Time to change glasses?
Mikael Risedal: the 6400iso are different exposed, Nikon 1/3200sec f5,6 and Canon as usual longer exposed 1/2500sec f 5,6There are higher resolution in d7100 picture at 6400Iso compared to Canon 7Dmk2 and with a shorter exposure.
@Mikael Risedal - From trio 7DmkII, K3, A6000, D7100 - it's only D7100 that got 1/3200s. Everyone else run at 1/2500.
So if anything - it's Nikon that exposes differently, not Canon.
mpgxsvcd: From the looks of the low light shadow noise in the RAW files it really looks like the 7D MKII is leaps and bounds better than the 7D MKI. However, the noise in the shadow detail seems to abruptly stop. There is a normal amount of noise in the dim parts of the scene. However, the noise just disappears in the truly dark shadows.
That makes me wonder if they are just clipping the noise in the darkest shadows. This makes your noise response look great but it absolutely crushes your dynamic range.
These sample images are promising. However, I really want to see the dynamic range charts to find out if they are cheating or not. For now I will give a Golf Clap to Canon and reserve the outright cheers for when I see the dynamic range charts.
I don't know, so far it looks like Canon improved in dynamic range, not got worse. I doubt they managed to catch up with Sony but most certainly 7DmkII isn't worse than the mkI.
miles green: Well there you have it: compare RAW at a common-for-birding ISO 800 with the Sony 24 mpx sensor found in the Pentax K3 & Nikon D7100 & (i think) the Sony A6000.
What i'm curious to see is how the new Samsung NX1 will perform, as it has a BACKLIT sensor. Maybe it will be the "quantum leap" some are talking about?
That said though - it obviously works well for their marketing needs. You're a great proof of that.
Backlit sensor won't be any "quantum leap". I'll be very surprised if they'll get more than 1/3 EV advantage. The reason why big manufacturers, like Sony or Canon, don't use backlit sensors in their large(r) sensor cameras is because it doesn't give much of an advantage unless you have really tiny pixels (think: smartphone-size tiny).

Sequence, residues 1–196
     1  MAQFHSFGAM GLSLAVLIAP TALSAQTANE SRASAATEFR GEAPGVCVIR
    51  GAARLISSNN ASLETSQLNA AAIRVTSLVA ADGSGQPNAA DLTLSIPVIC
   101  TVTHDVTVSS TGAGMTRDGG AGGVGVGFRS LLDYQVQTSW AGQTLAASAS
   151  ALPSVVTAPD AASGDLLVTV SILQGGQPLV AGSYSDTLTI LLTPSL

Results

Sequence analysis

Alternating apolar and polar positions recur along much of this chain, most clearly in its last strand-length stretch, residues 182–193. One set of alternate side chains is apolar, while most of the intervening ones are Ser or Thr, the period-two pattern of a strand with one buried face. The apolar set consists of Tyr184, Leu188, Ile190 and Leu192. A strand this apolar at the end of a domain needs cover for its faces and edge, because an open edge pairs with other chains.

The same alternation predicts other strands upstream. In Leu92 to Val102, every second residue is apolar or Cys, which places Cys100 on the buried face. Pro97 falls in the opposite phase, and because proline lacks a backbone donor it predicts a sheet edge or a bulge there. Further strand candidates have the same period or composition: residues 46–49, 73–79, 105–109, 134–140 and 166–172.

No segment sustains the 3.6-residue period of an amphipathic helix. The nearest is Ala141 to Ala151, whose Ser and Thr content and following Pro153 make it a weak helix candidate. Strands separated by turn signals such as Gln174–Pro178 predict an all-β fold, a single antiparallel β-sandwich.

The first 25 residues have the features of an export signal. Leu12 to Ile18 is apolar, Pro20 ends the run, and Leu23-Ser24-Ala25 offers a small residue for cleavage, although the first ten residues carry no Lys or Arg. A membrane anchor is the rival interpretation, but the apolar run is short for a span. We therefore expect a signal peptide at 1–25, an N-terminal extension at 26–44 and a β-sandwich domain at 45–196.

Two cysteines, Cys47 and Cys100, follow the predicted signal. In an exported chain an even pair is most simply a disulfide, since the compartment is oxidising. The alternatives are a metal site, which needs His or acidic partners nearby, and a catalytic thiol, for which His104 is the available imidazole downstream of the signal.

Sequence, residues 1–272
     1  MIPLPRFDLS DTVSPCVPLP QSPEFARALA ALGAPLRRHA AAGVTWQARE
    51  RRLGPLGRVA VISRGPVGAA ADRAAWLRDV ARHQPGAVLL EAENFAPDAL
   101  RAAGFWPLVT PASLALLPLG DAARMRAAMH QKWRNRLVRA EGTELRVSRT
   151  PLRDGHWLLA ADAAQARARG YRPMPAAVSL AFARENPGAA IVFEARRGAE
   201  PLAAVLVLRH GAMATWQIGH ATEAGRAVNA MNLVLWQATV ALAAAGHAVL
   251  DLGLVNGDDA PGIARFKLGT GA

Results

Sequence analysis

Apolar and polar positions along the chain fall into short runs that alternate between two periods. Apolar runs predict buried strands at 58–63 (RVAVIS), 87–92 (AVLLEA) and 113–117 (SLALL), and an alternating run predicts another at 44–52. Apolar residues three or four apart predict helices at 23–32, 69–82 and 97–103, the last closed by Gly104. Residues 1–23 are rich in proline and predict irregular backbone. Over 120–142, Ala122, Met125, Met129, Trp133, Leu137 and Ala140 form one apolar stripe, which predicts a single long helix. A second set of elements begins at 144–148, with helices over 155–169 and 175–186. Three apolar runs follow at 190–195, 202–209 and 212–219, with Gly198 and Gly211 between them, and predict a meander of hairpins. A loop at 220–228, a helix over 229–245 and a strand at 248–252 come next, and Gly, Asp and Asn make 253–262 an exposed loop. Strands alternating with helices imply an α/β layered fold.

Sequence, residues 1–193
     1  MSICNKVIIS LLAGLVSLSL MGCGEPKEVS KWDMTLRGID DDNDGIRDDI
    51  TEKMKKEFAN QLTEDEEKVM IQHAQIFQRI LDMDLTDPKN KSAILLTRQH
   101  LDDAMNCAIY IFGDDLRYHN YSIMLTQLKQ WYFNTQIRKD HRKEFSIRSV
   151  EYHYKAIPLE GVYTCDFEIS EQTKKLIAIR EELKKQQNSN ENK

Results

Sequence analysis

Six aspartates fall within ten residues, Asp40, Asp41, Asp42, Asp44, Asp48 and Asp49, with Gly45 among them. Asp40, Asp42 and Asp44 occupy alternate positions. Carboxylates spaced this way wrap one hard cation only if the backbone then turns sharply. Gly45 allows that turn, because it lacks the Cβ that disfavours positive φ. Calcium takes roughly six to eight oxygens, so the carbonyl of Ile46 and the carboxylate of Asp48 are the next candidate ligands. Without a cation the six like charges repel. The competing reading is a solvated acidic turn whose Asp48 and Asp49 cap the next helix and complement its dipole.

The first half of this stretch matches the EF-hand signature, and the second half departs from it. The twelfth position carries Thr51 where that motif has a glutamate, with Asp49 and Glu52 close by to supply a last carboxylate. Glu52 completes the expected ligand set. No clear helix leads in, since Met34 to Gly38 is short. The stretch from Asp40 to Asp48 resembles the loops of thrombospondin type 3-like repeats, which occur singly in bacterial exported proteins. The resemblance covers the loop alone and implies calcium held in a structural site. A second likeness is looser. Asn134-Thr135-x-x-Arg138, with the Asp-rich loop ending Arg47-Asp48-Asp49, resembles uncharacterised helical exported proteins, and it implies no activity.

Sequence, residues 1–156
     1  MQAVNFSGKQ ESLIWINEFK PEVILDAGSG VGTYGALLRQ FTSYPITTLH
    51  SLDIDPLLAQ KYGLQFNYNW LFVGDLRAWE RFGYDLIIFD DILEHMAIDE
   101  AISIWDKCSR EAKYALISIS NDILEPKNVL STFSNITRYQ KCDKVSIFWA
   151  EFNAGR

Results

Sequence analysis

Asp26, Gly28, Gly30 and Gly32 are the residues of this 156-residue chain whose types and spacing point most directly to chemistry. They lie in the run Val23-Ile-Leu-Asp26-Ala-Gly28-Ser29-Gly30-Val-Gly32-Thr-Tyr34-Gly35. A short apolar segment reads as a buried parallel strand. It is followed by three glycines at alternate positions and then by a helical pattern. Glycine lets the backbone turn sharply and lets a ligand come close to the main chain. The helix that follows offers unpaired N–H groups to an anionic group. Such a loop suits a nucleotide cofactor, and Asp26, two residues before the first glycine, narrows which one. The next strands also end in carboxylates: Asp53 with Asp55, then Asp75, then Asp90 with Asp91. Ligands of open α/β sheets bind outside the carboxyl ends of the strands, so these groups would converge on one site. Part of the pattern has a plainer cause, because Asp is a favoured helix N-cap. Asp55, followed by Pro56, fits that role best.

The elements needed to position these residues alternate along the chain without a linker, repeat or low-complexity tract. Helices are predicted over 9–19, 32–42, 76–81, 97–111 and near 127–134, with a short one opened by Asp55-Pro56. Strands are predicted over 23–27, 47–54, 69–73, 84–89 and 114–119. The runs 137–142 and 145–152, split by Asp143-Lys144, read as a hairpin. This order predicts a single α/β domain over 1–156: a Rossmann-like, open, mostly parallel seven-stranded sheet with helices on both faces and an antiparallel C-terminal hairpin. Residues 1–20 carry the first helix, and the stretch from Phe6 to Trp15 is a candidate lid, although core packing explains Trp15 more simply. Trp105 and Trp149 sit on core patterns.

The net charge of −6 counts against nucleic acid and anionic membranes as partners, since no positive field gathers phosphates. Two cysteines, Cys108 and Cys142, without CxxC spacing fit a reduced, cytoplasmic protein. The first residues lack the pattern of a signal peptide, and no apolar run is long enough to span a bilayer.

Zerg2905: OK, thank you.And now for something completely different*: where is the "crushing" superiority of the Sony sensors (Nikon and Sony cameras), in RAW, ISO 6400, bulb???
* = courtesy of Monty Python.
Yea, Sony doesn't have the output to handle all their orders so they are outsourcing their technology to 3rd party manufacturers.
I believe Sony invested over a billion dollars in a new sensor fab not that long ago (2-3 years?) no idea though when they plan to open it.
JordanRusev: I have Canon 7D (first) and i like it but the winner is Sony a6000 with much more details from others.
But let me quote Masaya Maeda Managing Director and Chief Executive, Image Communication Products Operations at Canon.
"One thing we know from our own testing is that Canon DSLR sensors can’t quite compete with some modern sensors from Sony in terms of dynamic range. How important to you is developing sensor technology?
We are very focused on getting the best image quality. I’m not sure what measurements you’re looking at but when it comes to dynamic range for example we consider image quality as a whole, from low to high ISO sensitivities and on balance we consider our sensors to be the best.My ideal camera is one that can take a picture in any environment from complete darkness to the brightest sunshine."
"Sony a6000 with much more details from others." - Sony is sharpening photos in a box. Never compare JPGs. RAWs are a way to go. And to my surprise - 7DmkII actually got nicer images all the way up from ISO400. It's quite clear if you look at it objectively (And no - I don't shot with E-mount nor EOS-mount).